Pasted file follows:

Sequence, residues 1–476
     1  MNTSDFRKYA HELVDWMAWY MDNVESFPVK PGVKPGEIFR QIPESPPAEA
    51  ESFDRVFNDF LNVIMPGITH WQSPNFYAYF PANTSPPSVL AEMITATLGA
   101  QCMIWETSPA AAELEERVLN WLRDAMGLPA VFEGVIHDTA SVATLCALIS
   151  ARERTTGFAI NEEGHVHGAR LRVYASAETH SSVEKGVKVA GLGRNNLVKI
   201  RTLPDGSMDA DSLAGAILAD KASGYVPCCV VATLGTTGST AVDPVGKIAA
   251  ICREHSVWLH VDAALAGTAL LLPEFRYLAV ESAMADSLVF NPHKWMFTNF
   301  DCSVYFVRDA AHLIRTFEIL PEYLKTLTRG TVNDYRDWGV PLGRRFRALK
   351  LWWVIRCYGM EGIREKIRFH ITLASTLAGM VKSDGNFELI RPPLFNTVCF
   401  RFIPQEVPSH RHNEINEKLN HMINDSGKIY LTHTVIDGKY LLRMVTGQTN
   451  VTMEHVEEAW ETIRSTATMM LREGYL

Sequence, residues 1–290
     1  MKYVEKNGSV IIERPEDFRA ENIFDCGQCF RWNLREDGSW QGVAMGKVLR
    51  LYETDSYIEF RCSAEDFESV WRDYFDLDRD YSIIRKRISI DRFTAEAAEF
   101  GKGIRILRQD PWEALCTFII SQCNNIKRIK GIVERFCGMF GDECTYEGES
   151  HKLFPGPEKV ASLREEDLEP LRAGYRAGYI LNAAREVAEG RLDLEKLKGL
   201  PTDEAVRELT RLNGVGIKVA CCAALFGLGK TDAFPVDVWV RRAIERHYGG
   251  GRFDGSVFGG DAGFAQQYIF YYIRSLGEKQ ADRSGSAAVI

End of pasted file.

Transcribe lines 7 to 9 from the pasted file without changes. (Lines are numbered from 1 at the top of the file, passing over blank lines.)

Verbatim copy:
   251  ICREHSVWLH VDAALAGTAL LLPEFRYLAV ESAMADSLVF NPHKWMFTNF
   301  DCSVYFVRDA AHLIRTFEIL PEYLKTLTRG TVNDYRDWGV PLGRRFRALK
   351  LWWVIRCYGM EGIREKIRFH ITLASTLAGM VKSDGNFELI RPPLFNTVCF